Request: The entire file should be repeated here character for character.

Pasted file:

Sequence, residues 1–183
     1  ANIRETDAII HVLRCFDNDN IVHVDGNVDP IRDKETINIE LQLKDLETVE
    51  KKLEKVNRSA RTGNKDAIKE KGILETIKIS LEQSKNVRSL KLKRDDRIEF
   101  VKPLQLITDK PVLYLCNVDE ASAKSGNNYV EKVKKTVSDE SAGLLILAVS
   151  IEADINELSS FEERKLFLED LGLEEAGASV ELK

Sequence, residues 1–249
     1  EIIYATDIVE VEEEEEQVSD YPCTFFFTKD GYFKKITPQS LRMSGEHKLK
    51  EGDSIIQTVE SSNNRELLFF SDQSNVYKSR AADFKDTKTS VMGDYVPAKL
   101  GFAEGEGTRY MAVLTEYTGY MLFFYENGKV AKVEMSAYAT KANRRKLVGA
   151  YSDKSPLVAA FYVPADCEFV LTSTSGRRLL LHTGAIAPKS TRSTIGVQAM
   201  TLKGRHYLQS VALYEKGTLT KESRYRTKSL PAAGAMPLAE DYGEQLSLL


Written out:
Sequence, residues 1–183
     1  ANIRETDAII HVLRCFDNDN IVHVDGNVDP IRDKETINIE LQLKDLETVE
    51  KKLEKVNRSA RTGNKDAIKE KGILETIKIS LEQSKNVRSL KLKRDDRIEF
   101  VKPLQLITDK PVLYLCNVDE ASAKSGNNYV EKVKKTVSDE SAGLLILAVS
   151  IEADINELSS FEERKLFLED LGLEEAGASV ELK

Sequence, residues 1–249
     1  EIIYATDIVE VEEEEEQVSD YPCTFFFTKD GYFKKITPQS LRMSGEHKLK
    51  EGDSIIQTVE SSNNRELLFF SDQSNVYKSR AADFKDTKTS VMGDYVPAKL
   101  GFAEGEGTRY MAVLTEYTGY MLFFYENGKV AKVEMSAYAT KANRRKLVGA
   151  YSDKSPLVAA FYVPADCEFV LTSTSGRRLL LHTGAIAPKS TRSTIGVQAM
   201  TLKGRHYLQS VALYEKGTLT KESRYRTKSL PAAGAMPLAE DYGEQLSLL